The “principles embodied in the Constitution” of Madison, Jay, and Hamilton were quite different — and emphatically less democratic. As the Federalist Edmund Randolph said in a speech before the Constitutional Convention, “Our chief danger arises from the democratic parts of our constitutions … None of the constitutions have provided sufficient checks against the democracy.”
Hamilton, meanwhile, opposed a unicameral legislature on the very same grounds that Thomas Paine had demanded one, arguing before the convention that the federal assembly should be checked by a permanent body of “rich and well born” individuals:
All communities divide themselves into the few and the many. The first are the rich and well born, the other the mass of the people. The voice of the people has been said to be the voice of God; and however generally this maxim has been quoted and believed, it is not true in fact. The people are turbulent and changing; they seldom judge or determine right. Give therefore to the first class a distinct, permanent share in the government … Nothing but a permanent body can check the imprudence of democracy.
Hamilton settled for the Senate. Meanwhile, the Framers worked to structure House districts in as undemocratic a manner as possible. Bouton again:
[T]he framers believed that they could check the voice of the people in the most democratic branch of the federal government — the House of Representatives —by making it hard for ordinary folk to get elected to office. According to James Wilson, large election districts would ensure the selection of “men of intelligence & uprightness” (by which he meant members of the gentry). James Madison said that large election districts would provide a better “defence agst. the inconveniences of democracy.” Madison explained that large districts would “divide the community” and make it difficult for ordinary citizens to “unite in the pursuit” of a “common interest” like paper money and other policies by which “Debtors have defrauded their creditors.”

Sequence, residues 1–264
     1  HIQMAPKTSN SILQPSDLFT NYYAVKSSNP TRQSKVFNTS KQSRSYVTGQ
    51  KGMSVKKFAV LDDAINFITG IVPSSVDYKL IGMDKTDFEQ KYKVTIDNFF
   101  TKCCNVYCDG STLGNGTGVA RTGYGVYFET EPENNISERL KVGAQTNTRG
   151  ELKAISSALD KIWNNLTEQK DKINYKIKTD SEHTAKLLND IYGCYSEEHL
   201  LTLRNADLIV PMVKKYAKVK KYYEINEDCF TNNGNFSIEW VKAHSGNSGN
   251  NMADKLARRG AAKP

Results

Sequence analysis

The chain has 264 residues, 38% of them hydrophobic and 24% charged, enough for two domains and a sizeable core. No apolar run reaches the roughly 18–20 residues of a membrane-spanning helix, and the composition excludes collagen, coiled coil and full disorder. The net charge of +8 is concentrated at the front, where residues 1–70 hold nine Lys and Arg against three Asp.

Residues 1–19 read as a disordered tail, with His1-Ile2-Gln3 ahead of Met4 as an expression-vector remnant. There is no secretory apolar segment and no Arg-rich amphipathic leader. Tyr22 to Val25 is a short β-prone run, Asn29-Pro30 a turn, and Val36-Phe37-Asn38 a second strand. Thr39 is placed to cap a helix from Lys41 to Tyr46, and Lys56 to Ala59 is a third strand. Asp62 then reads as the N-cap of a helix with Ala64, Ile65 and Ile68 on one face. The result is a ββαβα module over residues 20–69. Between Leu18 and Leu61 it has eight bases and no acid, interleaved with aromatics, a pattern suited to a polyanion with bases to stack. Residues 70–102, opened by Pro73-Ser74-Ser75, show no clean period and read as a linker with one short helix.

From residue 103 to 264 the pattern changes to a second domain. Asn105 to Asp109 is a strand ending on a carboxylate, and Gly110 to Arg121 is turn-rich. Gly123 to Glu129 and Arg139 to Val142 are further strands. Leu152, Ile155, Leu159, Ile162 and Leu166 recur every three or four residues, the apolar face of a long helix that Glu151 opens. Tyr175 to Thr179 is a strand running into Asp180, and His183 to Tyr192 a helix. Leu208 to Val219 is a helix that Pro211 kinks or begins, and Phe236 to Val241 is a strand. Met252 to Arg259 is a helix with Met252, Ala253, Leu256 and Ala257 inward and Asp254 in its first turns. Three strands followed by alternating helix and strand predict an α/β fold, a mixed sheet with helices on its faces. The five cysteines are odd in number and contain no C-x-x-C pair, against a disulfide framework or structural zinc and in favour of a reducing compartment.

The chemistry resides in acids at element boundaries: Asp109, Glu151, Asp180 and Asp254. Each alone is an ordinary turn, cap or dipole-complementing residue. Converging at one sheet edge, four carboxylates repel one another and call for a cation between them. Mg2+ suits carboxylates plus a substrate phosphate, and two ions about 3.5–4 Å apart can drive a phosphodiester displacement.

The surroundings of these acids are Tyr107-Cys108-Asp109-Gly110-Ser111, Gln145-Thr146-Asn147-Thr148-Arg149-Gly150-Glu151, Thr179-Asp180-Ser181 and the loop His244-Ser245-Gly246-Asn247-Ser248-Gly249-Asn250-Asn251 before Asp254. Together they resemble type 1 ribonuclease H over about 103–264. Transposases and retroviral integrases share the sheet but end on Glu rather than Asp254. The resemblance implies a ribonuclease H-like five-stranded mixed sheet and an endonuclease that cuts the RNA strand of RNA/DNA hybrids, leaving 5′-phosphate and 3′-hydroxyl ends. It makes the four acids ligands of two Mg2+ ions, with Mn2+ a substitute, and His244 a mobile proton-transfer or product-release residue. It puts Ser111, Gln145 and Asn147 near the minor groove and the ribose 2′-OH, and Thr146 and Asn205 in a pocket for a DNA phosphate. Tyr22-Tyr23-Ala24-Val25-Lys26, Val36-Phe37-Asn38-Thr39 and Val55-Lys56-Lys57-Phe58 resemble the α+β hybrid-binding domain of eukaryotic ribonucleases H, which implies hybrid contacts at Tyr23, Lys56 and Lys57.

As Bouton goes on to show, these arrangements worked largely as designed. The Constitution provided enough “checks against democracy” to allow America’s elite class of creditors to milk their debtors dry, and pursue a deflationary monetary policy so ruinous for the common people, “by nearly every measure, the postwar scarcity [of money] was even more severe than the one that had [helped generate] the Revolution. A little over two centuries later, unrepresentative House districts, an undemocratic Senate — and that other “check against the democracy,” the Electoral College — allowed John Roberts’s political party to enact sweeping tax cuts for the wealthy amid historic levels of economic inequality and overwhelming public opposition.
Thus, Roberts is no hypocrite to cast himself and his fellow judges as the guardians of the Founders’ system of government. Like his forebears, the chief justice merely subscribes to a peculiar conception of “constitutional democracy,” one that is less concerned with empowering the demos, than domesticating it.
The patriots who wrote Pennsylvania’s 1776 Constitution believed that the outsize political influence of the wealthy was such a dire threat to popular sovereignty, they nearly included a provision empowering the state to confiscate “property when it became excessive in individuals.” The conservative majority on John Roberts’s court, by contrast, holds that the true threat to democratic freedom are laws that restrict the liberty of the superrich to influence electoral outcomes through paid advertising. Let’s hope that — with enough civic education — the American people will recognize which of these two most resembles a superstitious mob at war with democracy.